- Short-term coalition building, to expand the supportive population and entrench that support over time
- Creating new interests whose identities align with ameliorating the super wicked problem, for example through training and education to build skills needed to address such problems (e.g. in solar panel installation)
- Paying attention to how norms and values might play a role in policy trajectories, generating new “logics of appropriateness” that are self-reinforcing.
Returning to the example of carbon pricing in Australia, the Labor Government did employ some of these strategies. For example, it linked the carbon pricing policy with income tax cuts, on the good logic that creating a wide constituency benefiting from the policy would entrench support for carbon pricing and make it sticky. While a good strategy, it was perhaps let down by extraordinarily poor communication and the toxic oppositional tone of current Australian politics.
My first response to the concept of super wicked problems was that the additional clarity added little value. Wicked problems are hard enough to deal with and defining climate change as a super wicked problem just underlines that climate change is a really hard problem to deal with – we know that!
On digging deeper though, I can see the value in naming the characteristics that make climate change a new kind of challenge. Most importantly, Levin et al make an important contribution by focusing our attention on ways to make climate policy self-reinforcing and self-protective.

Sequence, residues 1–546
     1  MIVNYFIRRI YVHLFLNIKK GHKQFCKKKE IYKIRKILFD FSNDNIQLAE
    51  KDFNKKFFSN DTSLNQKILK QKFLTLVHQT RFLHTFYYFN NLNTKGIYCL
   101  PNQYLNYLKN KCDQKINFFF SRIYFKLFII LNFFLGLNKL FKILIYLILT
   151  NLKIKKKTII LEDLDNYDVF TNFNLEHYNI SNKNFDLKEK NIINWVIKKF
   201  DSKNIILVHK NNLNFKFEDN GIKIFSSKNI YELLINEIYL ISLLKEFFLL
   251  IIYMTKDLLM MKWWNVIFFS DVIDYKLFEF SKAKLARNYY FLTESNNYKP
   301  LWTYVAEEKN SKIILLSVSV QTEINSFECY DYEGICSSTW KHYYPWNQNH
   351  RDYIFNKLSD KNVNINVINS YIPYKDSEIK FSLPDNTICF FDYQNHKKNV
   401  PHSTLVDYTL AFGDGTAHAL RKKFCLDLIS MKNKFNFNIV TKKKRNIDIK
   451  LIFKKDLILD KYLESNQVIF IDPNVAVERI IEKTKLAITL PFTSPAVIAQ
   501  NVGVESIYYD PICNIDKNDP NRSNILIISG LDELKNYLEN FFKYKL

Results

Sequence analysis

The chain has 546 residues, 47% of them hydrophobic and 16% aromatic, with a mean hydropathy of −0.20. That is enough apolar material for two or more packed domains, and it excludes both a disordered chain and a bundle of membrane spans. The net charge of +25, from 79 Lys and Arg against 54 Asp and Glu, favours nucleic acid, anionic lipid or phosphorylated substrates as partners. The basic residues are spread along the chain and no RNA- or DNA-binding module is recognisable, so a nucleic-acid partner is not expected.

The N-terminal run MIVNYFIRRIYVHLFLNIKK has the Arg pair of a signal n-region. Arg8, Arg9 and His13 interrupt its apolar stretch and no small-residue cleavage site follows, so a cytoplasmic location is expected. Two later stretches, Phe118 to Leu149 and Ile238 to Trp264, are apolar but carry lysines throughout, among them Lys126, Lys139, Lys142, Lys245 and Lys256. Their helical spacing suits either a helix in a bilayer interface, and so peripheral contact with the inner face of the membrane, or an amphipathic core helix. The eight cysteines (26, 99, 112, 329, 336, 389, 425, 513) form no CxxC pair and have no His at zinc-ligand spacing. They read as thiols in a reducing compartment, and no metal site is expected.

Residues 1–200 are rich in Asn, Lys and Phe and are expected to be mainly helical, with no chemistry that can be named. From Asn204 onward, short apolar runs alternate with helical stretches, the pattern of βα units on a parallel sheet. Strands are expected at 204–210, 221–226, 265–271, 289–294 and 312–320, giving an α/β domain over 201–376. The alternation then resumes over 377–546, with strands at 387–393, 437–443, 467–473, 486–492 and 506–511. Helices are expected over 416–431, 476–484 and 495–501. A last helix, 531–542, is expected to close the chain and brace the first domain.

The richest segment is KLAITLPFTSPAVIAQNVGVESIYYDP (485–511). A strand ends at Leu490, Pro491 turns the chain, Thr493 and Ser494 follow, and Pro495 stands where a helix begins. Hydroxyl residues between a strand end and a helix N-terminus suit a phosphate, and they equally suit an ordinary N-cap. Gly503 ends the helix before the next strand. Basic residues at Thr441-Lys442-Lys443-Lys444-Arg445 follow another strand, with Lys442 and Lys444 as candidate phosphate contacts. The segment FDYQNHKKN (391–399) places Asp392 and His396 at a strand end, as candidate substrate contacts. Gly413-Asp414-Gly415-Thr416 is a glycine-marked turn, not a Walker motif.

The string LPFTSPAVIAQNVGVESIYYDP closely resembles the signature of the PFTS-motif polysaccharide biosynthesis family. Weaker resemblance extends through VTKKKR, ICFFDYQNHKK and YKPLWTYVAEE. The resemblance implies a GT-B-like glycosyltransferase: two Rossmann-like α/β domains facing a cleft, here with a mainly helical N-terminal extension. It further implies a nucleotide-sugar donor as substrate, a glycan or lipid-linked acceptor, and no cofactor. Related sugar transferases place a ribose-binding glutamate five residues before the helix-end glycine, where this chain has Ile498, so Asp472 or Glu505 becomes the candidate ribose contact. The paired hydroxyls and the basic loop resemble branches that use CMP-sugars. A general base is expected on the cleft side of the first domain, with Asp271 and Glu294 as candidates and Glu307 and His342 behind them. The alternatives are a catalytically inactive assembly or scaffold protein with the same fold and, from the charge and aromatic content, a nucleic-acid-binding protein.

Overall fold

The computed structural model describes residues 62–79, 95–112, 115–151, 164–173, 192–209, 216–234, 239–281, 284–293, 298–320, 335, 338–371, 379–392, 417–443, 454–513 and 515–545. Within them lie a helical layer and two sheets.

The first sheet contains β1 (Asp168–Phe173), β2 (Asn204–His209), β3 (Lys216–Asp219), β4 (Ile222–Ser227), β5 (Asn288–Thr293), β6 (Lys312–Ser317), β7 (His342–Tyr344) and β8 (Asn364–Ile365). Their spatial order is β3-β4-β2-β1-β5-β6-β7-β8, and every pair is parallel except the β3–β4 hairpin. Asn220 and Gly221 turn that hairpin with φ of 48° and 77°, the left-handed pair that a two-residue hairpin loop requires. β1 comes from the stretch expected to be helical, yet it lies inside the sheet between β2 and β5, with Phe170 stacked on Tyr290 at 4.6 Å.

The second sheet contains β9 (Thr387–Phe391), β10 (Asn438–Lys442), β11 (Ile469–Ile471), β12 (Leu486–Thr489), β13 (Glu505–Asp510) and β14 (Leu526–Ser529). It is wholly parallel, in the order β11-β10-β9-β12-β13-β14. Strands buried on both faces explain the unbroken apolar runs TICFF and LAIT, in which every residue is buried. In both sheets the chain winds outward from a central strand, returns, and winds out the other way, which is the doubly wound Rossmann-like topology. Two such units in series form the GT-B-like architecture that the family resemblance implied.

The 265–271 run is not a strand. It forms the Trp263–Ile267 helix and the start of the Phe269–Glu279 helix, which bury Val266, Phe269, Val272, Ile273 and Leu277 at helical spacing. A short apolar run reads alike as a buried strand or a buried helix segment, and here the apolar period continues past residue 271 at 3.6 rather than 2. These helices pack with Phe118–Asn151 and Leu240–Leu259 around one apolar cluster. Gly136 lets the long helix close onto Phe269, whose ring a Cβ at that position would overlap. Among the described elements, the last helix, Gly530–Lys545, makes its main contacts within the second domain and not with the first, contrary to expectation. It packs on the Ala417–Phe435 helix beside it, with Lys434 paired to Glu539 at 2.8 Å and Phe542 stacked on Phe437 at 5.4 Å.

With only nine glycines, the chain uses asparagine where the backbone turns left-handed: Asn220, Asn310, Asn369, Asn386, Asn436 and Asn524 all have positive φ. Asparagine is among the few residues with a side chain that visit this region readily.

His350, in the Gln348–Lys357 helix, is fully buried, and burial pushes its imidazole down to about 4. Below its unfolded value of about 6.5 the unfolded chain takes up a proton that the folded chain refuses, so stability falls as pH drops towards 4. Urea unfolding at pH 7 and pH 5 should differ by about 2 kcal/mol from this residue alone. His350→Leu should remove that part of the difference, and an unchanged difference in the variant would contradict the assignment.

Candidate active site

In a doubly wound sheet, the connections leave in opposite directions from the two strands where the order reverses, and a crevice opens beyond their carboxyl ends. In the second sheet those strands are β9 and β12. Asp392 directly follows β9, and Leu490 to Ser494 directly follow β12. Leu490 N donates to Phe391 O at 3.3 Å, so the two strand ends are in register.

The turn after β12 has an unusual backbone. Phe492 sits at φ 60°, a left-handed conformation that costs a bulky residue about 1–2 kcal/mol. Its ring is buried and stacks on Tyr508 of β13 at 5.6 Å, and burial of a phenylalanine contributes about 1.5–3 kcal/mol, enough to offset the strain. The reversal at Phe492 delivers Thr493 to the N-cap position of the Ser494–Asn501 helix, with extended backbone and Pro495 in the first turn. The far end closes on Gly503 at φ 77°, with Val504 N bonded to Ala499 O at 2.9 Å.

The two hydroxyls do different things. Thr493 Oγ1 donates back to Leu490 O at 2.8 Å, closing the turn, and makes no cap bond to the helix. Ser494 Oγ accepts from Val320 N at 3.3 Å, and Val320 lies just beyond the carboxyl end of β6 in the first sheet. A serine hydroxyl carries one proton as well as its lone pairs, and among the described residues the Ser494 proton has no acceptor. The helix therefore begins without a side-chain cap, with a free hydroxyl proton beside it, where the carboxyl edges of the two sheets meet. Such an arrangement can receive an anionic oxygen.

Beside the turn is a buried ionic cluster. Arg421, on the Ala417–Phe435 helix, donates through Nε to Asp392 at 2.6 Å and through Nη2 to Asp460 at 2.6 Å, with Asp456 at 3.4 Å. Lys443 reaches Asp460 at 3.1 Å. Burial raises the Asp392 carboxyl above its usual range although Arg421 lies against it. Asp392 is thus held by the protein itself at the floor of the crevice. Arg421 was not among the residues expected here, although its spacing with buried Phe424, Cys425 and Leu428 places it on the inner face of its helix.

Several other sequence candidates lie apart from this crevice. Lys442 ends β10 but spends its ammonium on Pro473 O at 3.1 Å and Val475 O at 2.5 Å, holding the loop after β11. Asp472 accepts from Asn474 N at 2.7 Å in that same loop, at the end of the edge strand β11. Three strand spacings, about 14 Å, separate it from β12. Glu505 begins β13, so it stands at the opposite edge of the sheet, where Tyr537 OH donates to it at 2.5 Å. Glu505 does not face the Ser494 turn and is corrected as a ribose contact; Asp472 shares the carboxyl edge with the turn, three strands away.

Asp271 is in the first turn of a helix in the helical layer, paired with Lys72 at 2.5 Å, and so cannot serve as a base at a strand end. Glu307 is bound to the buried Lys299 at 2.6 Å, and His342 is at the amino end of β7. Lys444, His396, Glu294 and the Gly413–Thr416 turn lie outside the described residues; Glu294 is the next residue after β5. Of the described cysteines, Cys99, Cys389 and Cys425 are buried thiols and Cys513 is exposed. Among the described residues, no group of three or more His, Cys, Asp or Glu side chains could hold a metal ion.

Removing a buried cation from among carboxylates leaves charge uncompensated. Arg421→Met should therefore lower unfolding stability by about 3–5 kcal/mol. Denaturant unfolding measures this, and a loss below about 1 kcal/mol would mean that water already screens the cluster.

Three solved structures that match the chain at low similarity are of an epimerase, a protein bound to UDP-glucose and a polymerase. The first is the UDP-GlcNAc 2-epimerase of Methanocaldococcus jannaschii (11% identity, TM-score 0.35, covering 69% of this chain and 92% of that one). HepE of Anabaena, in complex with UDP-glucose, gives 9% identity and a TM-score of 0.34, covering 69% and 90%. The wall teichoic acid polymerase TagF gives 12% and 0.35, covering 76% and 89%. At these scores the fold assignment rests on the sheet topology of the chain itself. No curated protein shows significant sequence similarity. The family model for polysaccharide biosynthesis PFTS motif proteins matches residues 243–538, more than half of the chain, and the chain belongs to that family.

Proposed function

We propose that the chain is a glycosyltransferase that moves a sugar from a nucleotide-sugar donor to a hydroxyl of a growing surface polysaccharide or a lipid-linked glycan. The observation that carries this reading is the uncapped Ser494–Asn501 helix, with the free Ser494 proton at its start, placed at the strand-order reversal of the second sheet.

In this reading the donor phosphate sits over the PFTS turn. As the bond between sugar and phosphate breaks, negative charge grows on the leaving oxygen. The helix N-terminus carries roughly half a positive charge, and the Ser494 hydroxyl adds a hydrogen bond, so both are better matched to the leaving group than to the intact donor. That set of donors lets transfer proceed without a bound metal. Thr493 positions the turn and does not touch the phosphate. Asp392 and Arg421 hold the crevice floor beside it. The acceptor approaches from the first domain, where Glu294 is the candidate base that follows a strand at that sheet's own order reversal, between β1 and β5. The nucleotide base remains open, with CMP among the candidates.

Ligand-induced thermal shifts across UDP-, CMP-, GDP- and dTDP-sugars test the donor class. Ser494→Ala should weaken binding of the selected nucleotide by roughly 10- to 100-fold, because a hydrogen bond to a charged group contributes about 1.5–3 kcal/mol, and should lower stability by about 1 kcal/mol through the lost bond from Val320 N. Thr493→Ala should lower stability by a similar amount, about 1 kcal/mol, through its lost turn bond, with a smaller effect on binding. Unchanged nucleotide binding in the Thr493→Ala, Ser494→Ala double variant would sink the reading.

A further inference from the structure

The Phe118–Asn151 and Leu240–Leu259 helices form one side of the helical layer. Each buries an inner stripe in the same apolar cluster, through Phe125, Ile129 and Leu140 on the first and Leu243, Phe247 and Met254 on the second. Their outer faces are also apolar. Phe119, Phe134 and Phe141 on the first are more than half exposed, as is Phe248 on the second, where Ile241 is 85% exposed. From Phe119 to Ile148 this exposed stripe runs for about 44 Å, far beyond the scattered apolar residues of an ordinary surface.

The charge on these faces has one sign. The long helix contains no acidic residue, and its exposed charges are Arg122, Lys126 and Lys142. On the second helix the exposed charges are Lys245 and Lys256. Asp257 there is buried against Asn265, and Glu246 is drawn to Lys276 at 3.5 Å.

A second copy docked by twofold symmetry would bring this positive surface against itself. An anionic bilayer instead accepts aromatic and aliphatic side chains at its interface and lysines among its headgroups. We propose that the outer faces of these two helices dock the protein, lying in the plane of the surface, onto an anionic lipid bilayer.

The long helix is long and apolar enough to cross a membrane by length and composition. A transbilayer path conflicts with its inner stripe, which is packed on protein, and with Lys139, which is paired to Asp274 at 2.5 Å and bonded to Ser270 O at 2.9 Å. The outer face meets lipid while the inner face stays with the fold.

Climate policy involves imposing costs on the present to reap gains in the future. For me, the most telling point that Levin et al make is that we are psychologically inclined to wriggle out of those kind of commitments. We might make them in good faith, but when the costs begin to bite, we give in to temptation and let the future take care of itself.
Carbon pricing in Australia is a classic example. Kevin Rudd’s Labor Government came to power in 2007 on a wave of concern about climate change. But when the real, present costs of climate policy became clearer to us, the backlash began. Six years later, we have a carbon pricing mechanism that is under severe threat of being rolled back if the Coalition is elected later this year. What looked like progress may end up in stalemate because the Labor Government was unable to find ways to lock in a progressive climate policy.
My personal response to this situation, and one I think is supported by the Levin et al analysis, is to work towards bipartisan support for an effective climate change response in Australia. This means broadening coalitions and constituencies for action and continuing to position carbon pollution as a social bad to activate social norms. A super wicked problem needs a super broad alliance to make real progress.
I am indebted to Stephen McGrail for introducing me to super wicked problems.